Lake Tai (Source: WikiMedia Commons)

Four years after being released from prison, Chinese environmental activist Wu Lihong continues to speak out about pollution in Lake Tai, despite government monitoring.

In a recent video interview with the New York Times, Wu said he will not be silenced.

Wu began sounding the alarm about industrial pollution in Lake Tai, a large freshwater lake near Shanghai, in the mid-1990s. However, in 2007 he was arrested and charged with blackmail. Just before his trial, there was a huge algae bloom in the lake and officials had to cut off water supply to residents of nearby Wuxi.

Pollution is still rampant in Lake Tai. As previously reported by Planet Experts, the Lake Tai region is home to nearly 3,000 factories that pollute the lake.

Industrial waste is harming not just the lake, but also the surrounding soil. A special report in Yale’s Environment 360 said that many farmers that live in the villages around Lake Tai have stopped eating their own food because the soil is so polluted with cadmium, lead and mercury. Even the government now admits there is a problem: a recent Chinese government study on soil pollution found that 16.1 percent of China’s soil and 19.4 percent of the country’s farmland is polluted.

Wu, who lives in Zhoutie, a village on Lake Tai, says that police monitor his cellphone and that he cannot travel beyond his township of Yinxing. Earlier this year, however, he managed to make it to Beijing for the National People’s Congress, the annual session of China’s Parliament, where he planned to petition officials to take action on cleaning up Lake Tai.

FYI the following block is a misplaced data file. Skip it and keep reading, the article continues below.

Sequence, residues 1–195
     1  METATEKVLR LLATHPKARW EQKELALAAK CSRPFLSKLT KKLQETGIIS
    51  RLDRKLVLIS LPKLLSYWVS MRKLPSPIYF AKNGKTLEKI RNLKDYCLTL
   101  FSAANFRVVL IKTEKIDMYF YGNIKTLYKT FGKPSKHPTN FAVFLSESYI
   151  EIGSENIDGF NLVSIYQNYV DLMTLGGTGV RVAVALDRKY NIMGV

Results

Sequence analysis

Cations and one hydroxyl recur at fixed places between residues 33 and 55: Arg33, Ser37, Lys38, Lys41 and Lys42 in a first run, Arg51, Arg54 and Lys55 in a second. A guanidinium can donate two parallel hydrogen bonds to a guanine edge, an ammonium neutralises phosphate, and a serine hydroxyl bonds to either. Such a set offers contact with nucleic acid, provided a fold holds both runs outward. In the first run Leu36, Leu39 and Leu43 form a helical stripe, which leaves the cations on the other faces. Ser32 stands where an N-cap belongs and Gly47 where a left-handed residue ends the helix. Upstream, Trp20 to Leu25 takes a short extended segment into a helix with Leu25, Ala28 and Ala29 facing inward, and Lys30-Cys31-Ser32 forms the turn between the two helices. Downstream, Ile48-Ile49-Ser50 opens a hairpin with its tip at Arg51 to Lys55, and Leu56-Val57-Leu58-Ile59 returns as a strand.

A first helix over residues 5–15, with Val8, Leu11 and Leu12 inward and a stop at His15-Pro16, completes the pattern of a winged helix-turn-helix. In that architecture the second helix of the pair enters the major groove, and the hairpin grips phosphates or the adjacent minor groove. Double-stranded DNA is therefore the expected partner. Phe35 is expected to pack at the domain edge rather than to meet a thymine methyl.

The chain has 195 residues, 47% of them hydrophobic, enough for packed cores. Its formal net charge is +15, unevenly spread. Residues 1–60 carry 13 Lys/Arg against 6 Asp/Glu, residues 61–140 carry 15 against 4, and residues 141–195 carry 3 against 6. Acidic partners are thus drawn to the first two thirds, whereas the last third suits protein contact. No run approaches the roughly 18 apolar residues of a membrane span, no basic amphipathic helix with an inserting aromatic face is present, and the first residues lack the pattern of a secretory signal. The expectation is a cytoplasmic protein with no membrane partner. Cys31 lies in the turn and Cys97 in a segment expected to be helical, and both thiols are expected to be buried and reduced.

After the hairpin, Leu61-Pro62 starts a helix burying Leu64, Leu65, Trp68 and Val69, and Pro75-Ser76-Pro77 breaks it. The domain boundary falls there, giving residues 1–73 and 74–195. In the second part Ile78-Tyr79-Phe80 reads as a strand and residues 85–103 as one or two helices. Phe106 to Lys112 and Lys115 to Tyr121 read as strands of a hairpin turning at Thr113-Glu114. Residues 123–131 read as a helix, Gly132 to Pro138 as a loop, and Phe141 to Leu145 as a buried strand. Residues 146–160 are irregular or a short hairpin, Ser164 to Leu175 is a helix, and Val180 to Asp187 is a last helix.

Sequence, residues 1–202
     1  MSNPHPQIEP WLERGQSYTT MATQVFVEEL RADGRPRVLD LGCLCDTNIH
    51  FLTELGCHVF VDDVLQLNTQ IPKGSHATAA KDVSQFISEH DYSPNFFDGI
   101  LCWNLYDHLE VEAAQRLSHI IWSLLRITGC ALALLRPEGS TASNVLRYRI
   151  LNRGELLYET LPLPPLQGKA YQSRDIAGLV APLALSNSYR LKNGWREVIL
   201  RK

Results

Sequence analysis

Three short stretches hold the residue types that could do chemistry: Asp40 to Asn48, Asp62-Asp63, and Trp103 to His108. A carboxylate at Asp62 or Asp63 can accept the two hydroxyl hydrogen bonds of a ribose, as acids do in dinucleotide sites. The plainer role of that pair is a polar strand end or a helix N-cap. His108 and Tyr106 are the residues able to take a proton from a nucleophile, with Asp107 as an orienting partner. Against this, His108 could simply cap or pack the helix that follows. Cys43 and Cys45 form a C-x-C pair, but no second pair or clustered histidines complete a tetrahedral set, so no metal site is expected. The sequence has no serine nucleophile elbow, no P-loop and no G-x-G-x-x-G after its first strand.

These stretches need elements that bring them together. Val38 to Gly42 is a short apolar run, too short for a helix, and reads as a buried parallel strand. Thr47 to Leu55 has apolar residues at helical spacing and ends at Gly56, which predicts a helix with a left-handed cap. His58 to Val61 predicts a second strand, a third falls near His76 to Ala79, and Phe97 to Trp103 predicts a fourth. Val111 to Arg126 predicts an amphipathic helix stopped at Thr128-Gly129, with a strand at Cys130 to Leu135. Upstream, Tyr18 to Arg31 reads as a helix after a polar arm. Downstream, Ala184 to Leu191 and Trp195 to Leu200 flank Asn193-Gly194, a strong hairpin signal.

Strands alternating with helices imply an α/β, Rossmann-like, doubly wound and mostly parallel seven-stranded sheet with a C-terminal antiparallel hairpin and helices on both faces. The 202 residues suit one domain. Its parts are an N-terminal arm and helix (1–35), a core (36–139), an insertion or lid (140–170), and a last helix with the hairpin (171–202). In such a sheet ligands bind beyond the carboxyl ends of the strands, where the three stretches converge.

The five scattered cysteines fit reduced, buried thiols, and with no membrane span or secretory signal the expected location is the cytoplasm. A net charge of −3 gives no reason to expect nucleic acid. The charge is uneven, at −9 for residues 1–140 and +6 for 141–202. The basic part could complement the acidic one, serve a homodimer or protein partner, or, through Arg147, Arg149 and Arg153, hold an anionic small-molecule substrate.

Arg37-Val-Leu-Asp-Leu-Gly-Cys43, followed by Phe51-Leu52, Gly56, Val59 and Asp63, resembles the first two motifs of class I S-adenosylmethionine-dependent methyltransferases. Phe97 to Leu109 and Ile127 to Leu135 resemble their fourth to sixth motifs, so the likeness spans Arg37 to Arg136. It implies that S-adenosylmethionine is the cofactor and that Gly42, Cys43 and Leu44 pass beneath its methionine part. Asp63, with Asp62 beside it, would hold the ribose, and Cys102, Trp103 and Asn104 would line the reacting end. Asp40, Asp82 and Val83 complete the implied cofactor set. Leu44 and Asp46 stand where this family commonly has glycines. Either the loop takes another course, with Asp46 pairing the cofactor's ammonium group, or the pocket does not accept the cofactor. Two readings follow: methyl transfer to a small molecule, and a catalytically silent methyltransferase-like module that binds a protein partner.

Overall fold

Instead, police officers detained and escorted him home by train before he could make his case.

During the very same National People’s Congress from which Wu was barred, China’s Prime Minister Li Keqiang declared a “war on pollution.”

China has been making a number of public statements in support of environmental initiatives, including its recent agreement with the US on limiting carbon emissions. Even still, the country does not seem keen on its own individual citizens who dare to speak out against industrial pollution.

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